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Hanover Insurance Co. v. Duncan

Sup Ct, New York County

March 28, 2013

HANOVER INSURANCE COMPANY A/S/0 SOHO GEMS, Plaintiff,
v.
TIM DUNCAN, CONTRAST COMMUNICATIONS, INC., AND CONTRAST MEDIA, INC., Defendants. TIM DUNCAN, CONTRAST COMMUNICATIONS, INC., AND CONTRAST MEDIA, INC., Third-Party Plaintiff,
v.
FOOD CENTER REALTY CORP., Third-Party Defendants. Index No. 104158/2010

Unpublished Opinion

PRESENT: Hon. EILEEN A. RAKOWER Justice

The following papers, numbered 1 to _______were read on this motion for/to PAPERS NUMBERED

Notice of Motion/ Order to Show Cause - Affidavits - Exhibits ... _________1, 2, 3______________

Answer — Affidavits — Exhibits __________________________________4, 5_______________

Replying Affidavits _____________________________________________6, 7_______________

Hanover Insurance Company ("Hanover Insurance"), as a subrogee of Soho Gems, seeks recovery in subrogation for amounts it paid to its insured upon a claim for property damage which occurred on September 25, 2009, at its premises at 367 West Broadway, New York, NY. Defendant Food Center Realty Corp. ("FCRC") now moves for summary judgment pursuant to CPLR §3212.

Soho Gems conducts business at 367 West Broadway, New York, NY, and is insured by Hanover Insurance. 500 Broome Street adjoins the property located at 367 West Broadway, New York. FCRC is the owner and leasor of 500 Broome Street. On March 5, 1988, FCRC leased the entire building, except for the second floor, to 500 Broome Street Associates. On December 25, 2003, FCRC leased the second floor of 500 Broome Street to Contrast Communications, Inc. ("Contrast Communications"). Tim Dugan ("Dugan"), is the principal and sole shareholder of Contrast Communications.

On September 25, 2009, a boiler located in the Contrast Communications leasehold at 500 Broome Street, burst, resulting in a water leak. As a result of the water leak, Soho Gems suffered damage to its property. Soho Gems submitted a claim to Hanover Insurance. Hanover Insurance made payments to Soho Gems, Hanover now seeks to recover money that it paid to Soho Gems as a result of the water damage.

Hanover Insurance's complaint alleges that Dugan, Contrast Communications, and Contrast Media (collectively, "Defendants") failed to take appropriate steps to protect the property from water damages, and that the leak was caused by or contributed to by reasons of Defendants' negligence. Hanover Insurance demands $105, 740.06 in damages from Defendants.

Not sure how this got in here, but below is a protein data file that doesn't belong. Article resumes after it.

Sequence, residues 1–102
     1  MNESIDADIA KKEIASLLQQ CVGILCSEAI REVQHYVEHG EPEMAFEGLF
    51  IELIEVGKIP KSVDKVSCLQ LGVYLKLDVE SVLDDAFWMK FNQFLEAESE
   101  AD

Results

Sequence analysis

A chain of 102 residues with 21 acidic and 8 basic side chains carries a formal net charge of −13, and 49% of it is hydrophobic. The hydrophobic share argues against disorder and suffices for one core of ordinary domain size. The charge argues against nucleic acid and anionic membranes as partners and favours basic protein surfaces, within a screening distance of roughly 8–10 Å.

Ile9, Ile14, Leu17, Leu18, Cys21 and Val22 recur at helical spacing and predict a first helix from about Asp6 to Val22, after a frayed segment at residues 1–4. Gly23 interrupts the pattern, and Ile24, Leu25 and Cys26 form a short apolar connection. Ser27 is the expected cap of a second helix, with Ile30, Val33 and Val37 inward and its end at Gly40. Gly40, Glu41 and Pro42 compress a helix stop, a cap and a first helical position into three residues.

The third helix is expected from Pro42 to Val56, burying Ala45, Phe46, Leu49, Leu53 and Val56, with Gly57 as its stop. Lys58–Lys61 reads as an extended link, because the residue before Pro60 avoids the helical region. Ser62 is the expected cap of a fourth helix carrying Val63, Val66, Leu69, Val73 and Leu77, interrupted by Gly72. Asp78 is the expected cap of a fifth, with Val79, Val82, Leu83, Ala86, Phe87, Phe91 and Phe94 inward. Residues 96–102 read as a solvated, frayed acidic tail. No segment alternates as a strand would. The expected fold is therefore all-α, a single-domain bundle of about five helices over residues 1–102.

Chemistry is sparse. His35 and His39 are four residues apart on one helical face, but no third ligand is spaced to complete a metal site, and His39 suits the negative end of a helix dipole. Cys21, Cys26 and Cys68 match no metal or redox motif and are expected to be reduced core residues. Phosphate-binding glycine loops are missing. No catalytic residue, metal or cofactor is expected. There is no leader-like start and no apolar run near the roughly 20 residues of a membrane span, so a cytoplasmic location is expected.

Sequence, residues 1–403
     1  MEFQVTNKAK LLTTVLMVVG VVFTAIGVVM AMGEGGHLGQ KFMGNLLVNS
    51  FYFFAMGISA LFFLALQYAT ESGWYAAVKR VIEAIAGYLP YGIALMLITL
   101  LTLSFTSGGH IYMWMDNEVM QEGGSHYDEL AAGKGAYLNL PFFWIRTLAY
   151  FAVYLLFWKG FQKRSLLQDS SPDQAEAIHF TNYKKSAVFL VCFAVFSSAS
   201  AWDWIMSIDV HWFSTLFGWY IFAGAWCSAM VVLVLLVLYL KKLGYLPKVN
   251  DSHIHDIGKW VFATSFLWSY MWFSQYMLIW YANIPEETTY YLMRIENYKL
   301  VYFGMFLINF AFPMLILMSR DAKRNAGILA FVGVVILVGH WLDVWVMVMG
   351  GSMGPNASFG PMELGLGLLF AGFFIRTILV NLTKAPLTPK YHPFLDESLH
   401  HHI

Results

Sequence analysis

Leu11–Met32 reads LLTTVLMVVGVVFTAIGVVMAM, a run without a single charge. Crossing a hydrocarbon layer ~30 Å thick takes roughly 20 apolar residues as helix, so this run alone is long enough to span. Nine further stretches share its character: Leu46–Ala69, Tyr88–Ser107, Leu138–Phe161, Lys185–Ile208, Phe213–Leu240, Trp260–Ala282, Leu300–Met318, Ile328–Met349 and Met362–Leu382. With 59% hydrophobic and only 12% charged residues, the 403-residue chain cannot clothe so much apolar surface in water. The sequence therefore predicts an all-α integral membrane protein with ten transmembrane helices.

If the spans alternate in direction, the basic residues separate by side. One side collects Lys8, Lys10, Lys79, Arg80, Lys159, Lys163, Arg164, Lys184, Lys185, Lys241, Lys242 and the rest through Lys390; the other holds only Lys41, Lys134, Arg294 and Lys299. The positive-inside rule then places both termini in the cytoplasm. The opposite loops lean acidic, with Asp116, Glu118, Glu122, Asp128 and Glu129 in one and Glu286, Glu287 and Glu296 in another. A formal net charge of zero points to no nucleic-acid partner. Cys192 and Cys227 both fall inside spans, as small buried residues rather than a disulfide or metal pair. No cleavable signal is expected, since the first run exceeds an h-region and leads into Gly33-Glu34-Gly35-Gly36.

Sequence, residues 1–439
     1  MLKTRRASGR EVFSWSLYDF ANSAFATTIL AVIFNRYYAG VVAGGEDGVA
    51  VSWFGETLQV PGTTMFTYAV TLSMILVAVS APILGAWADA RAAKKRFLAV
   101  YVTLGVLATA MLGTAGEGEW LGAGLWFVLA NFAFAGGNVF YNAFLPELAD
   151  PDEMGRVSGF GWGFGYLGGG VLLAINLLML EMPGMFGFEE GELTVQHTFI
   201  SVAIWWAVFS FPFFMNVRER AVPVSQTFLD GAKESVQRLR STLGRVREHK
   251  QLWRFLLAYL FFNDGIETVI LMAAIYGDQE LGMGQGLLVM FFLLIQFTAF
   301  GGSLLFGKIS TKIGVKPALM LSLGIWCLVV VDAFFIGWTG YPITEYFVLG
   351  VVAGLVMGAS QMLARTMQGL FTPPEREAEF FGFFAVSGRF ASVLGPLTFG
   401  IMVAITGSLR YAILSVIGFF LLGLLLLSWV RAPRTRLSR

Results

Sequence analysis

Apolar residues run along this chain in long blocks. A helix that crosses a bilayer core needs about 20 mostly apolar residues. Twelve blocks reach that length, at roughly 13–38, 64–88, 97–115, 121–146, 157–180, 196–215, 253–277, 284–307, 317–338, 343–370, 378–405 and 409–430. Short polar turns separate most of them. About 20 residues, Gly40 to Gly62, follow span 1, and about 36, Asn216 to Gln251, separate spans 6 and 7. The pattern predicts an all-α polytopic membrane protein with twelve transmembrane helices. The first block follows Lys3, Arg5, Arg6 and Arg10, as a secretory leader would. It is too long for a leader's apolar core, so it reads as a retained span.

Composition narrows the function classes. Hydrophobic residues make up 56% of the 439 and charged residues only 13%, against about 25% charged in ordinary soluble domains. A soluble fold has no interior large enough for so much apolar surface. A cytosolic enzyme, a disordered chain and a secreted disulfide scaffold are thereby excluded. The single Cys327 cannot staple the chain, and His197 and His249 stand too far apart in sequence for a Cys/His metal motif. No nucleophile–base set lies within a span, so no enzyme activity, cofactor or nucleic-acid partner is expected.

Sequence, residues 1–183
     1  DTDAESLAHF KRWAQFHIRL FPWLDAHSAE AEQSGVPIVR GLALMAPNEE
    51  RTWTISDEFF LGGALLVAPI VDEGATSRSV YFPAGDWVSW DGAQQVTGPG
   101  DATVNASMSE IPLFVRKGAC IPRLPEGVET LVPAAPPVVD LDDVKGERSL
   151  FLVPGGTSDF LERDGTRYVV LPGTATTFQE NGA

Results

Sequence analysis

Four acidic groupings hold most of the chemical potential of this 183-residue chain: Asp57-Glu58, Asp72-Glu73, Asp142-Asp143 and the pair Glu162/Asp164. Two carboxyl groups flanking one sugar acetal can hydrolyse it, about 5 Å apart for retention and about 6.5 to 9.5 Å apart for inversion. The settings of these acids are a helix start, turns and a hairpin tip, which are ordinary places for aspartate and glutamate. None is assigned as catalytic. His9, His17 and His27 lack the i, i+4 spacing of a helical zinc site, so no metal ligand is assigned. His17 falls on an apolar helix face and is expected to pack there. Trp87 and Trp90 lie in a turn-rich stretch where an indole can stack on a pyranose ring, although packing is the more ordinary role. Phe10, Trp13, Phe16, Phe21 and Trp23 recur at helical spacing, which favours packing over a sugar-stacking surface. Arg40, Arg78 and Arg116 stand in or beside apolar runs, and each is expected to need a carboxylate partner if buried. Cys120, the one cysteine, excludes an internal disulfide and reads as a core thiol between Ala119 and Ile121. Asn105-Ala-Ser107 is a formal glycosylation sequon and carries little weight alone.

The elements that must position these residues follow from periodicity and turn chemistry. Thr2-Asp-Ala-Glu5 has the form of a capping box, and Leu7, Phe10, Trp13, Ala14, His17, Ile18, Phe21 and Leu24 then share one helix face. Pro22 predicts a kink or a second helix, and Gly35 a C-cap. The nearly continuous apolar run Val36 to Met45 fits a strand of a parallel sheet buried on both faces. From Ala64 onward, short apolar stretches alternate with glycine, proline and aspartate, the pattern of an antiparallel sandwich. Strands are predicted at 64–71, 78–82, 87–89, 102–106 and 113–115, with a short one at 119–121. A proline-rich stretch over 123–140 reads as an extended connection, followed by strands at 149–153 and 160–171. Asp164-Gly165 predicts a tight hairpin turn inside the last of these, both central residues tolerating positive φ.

Defendants commenced a third-party action against FCRC on September 30, 2011. In the third-party complaint, they allege that FCRC, who leased the premises to Contrast Communications, was responsible for the upkeep and maintenance of the premises located at 500 Broome Street, including the building water heater located within Contrast Communication's premises. They allege that if Hanover Insurance recovers judgment against Defendants, then all three parties are entitled to recover from FCRC in the amount of such judgment.

FCRC now moves for summary judgment and to dismiss the third party complaint against it. Dugan opposes this motion. Hanover Insurance takes no position.

The proponent of a motion for summary judgment must make a prima facie showing of entitlement to judgment as a matter of law, That party must produce sufficient evidence in admissible form to eliminate any material issue of fact from the case. Where the proponent makes such a showing, the burden shifts to the party opposing the motion to demonstrate by admissible evidence that a factual issue remains requiring the trier of fact to determine the issue. The affirmation of counsel alone is not sufficient to satisfy this requirement. (Zuckerman v. City of New York, 49 N.Y.2d 557 [1980]). In addition, bald, conclusory allegations, even if believable, are not enough. (Ehrlich v. American Moninger Greenhouse Mfg. Corp., 26 N.Y.2d 255 [1970]). (Edison Stone Corp. v. 42ndStreet Development Corp., 145 A.D.2d 249, 251-252 [1st Dept. 1989]).

An out of possession landlord is one who "has surrendered possession and control over premises leased to a tenant." (Mehl v. Fleisher, 234 A.D.3d 274, 650 N.Y.S.2d 784 [2nd Dept 1996]). An out of possession landlord is generally not liable in negligence with respect to the condition of the demised property. (Guzman v. Haven Plaza Hous. Dev. Fund Co., 69 N.Y.2d 559 [1987]). However, there are two exceptions to this general rule: where the landlord "(1) is contractually obligated to make repairs or maintain the premises; or (2) has contractual right to reenter, inspect and make needed repairs and liability is based on a significant structural or design defect that is contrary to a specific ...


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